production goals for three children.
The findings, published in the April 2013 issue of Language, Speech, and Hearing Services in Schools,
suggest that integrating multimodal speech-generating AAC with traditional
speech intervention can be effective in supporting children's natural speech production.
The study introduces Integrated Multimodal Intervention—an
activity-based intervention—and examines its effectiveness for treating
persistent and severe speech sound disorders in young children. The IMI focuses
simultaneously on increasing the quantity of a child's meaningful productions of target words and providing supports to shape the quality of natural speech productions of target sounds. This is achieved by systematically incorporating the full range of each child's communicative repertoire, including AAC systems and natural speech and language.
The authors used a multiple-probe single-subject research
design to assess the effectiveness of the IMI for three boys ages 4–8 with
moderate to severe speech sound disorders, all of whom used speech-generating
AAC. All three participants produced more speech than previously, with greater
production accuracy of their target speech sounds.
Scientists Find Tinnitus Cause, Preventive Drug
An epilepsy drug shows promise in an animal model at
preventing tinnitus from developing after exposure to loud noise, according to
a new study by researchers at the University of Pittsburgh School of Medicine.
The findings, reported in the early online version of the
Proceedings of the National Academy of Sciences,
reveal for the first time the reason the chronic and sometimes debilitating
Previous research revealed that tinnitus is associated with
hyperactivity of DCN cells—they fire impulses even when there is no actual
sound to perceive. For the new experiments, researchers took a close look at
the biophysical properties of tiny channels, called KCNQ channels, through
which potassium ions travel in and out of the cell, and which act as effective
"brakes" to reduce the activity of neuronal cells. Researchers believe a reduction in KCNQ activity leads to tinnitus.
After using noise to induce tinnitus in mice, researchers
tested whether an FDA-approved epilepsy drug called retigabine—which
specifically enhances KCNQ channel activity—could prevent them from developing
tinnitus. Thirty minutes into the noise exposure and twice daily for the next
five days, researchers injected half of the exposed group with retigabine.
The researchers found that the mice treated with retigabine
immediately after noise exposure did not develop tinnitus. Consistent with
previous studies, half of the noise-exposed mice that were not treated with the
drug exhibited behavioral signs of the condition.
Scientists Derive Mature Brain Cells From Skin
Using stem cells, scientists have devised a method to
generate neurons—mature brain cells—by reprogramming a patient's skin cells. The research, to be published in the September 2013 issue of Stem Cell Research, opens new, non-invasive avenues for brain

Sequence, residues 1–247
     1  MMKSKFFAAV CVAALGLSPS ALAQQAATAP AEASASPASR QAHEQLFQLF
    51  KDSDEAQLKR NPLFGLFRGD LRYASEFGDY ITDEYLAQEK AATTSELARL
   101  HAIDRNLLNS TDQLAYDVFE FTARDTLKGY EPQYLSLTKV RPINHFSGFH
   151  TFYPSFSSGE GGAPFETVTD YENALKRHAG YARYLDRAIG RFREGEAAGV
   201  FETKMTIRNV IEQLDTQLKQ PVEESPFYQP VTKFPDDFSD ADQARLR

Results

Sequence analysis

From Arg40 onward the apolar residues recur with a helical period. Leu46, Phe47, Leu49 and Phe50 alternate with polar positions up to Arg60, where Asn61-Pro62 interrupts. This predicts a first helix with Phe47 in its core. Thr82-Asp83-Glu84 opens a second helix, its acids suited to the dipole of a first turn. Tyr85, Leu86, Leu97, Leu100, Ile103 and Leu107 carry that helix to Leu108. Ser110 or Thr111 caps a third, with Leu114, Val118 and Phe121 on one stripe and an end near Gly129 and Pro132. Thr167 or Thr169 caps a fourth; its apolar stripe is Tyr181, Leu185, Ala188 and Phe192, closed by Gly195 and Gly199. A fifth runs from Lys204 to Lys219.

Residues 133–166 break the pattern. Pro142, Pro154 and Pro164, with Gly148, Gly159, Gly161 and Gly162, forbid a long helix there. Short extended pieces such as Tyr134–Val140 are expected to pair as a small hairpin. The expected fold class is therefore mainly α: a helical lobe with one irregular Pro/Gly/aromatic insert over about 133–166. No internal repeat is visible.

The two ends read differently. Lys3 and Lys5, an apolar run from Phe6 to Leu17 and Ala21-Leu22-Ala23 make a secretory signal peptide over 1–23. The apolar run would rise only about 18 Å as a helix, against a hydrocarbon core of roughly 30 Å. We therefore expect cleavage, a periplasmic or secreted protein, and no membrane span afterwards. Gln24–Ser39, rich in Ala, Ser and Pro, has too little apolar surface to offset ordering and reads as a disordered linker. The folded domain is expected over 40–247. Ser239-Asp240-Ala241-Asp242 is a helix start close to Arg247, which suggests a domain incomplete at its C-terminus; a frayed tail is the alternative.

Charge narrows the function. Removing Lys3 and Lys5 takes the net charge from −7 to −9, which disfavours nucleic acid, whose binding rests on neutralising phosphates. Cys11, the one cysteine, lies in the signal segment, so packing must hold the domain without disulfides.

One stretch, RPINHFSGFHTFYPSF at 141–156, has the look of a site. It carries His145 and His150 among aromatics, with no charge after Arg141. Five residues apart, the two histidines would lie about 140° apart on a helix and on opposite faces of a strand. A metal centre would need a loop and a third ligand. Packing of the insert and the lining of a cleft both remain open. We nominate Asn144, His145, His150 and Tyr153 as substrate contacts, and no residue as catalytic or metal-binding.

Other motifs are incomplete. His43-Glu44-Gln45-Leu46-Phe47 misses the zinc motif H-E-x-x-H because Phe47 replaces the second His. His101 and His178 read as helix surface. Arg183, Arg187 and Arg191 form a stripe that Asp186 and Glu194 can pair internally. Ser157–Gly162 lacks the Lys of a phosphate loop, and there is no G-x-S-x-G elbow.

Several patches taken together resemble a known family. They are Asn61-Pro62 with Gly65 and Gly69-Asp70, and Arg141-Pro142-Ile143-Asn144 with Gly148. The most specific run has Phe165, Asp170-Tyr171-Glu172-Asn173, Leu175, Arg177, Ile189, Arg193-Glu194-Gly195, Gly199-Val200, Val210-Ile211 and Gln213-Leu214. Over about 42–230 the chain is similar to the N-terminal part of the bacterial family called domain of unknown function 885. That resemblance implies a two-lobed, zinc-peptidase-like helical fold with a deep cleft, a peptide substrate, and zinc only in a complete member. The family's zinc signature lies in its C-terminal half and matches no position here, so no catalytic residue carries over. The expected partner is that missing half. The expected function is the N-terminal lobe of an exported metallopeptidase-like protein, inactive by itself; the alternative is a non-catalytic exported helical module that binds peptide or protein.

treatment. Researchers believe the method could lead to customized treatments
for patients based on their genetic and cellular information, and hope that
difficult-to-study diseases such as Alzheimer's, schizophrenia and autism now can be probed more safely and effectively.
The team found a way to differentiate unspecialized or
undifferentiated pluripotent stem cells into mature human neurons much more
effectively, generating cells that behave similarly to neurons in the brain. In
the brain, neurons are always found in proximity to star-shaped cells called
astrocytes, which are abundant in the brain and help neurons to function
properly. Scientists predicted that this direct physical contact might be an
integral part of neuronal growth and health.
To test this hypothesis, researchers cultured neural stem
cells, which are stem cells that have the potential to become neurons. These
cells were cultured on top of a one-cell-thick layer of astrocytes so that the
two cell types were physically touching each other. This direct contact seemed
to spur the cells into differentiating into neurons.
To demonstrate the superiority of the neurons grown next to
astrocytes, the team used an electrophysiology recording technique to show that
the cells grown on astrocytes had many more synaptic events—signals sent out
from one nerve cell to the others. In another experiment, after growing the
neural stem cells next to astrocytes for just one week, the newly
differentiated neurons started to fire action potentials—the rapid electrical
excitation signal that occurs in all neurons in the brain. In a final test, the
team members added human neural stem cells to a mixture with mouse neurons.
They found "cross-talk"—one neuron contacting its neighbors and releasing a neurotransmitter to modulate its neighbor's activity—between the mouse neurons and the human neurons.